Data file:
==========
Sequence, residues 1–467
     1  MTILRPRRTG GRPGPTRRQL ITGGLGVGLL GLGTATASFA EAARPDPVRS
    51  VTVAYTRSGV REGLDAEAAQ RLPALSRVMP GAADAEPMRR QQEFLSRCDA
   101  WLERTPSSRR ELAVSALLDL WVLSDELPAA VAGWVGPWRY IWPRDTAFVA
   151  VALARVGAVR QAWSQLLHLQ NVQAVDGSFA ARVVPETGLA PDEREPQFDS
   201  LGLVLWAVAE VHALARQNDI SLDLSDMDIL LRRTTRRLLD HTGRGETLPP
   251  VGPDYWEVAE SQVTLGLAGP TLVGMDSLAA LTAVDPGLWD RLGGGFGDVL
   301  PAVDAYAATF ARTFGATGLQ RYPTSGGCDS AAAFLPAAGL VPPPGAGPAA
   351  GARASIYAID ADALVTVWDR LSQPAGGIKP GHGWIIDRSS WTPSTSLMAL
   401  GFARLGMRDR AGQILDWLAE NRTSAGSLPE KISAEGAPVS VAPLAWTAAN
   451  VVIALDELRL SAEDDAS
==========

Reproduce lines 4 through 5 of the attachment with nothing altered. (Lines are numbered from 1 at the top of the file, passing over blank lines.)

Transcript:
   101  WLERTPSSRR ELAVSALLDL WVLSDELPAA VAGWVGPWRY IWPRDTAFVA
   151  VALARVGAVR QAWSQLLHLQ NVQAVDGSFA ARVVPETGLA PDEREPQFDS